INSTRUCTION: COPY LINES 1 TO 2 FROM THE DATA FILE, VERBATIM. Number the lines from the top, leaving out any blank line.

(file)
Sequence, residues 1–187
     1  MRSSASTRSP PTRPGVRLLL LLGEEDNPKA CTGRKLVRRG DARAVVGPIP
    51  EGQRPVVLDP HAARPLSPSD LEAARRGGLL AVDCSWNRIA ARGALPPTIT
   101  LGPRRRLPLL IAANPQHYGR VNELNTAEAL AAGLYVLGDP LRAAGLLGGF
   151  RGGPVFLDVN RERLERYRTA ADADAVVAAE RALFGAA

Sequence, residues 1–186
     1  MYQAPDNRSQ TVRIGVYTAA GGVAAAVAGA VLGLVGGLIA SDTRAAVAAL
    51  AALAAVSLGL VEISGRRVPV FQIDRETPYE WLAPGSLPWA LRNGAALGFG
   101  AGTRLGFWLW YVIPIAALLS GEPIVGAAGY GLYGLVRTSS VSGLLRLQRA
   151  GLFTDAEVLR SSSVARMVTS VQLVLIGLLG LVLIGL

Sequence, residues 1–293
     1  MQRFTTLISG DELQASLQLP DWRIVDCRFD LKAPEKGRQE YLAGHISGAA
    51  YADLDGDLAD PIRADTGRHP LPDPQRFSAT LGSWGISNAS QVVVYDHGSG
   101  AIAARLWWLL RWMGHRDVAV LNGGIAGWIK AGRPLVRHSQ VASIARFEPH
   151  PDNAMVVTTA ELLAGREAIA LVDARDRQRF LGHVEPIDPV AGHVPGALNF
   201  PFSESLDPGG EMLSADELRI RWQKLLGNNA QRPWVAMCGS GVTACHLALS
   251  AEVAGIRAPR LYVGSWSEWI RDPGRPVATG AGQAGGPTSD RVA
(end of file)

Sequence, residues 1–187
     1  MRSSASTRSP PTRPGVRLLL LLGEEDNPKA CTGRKLVRRG DARAVVGPIP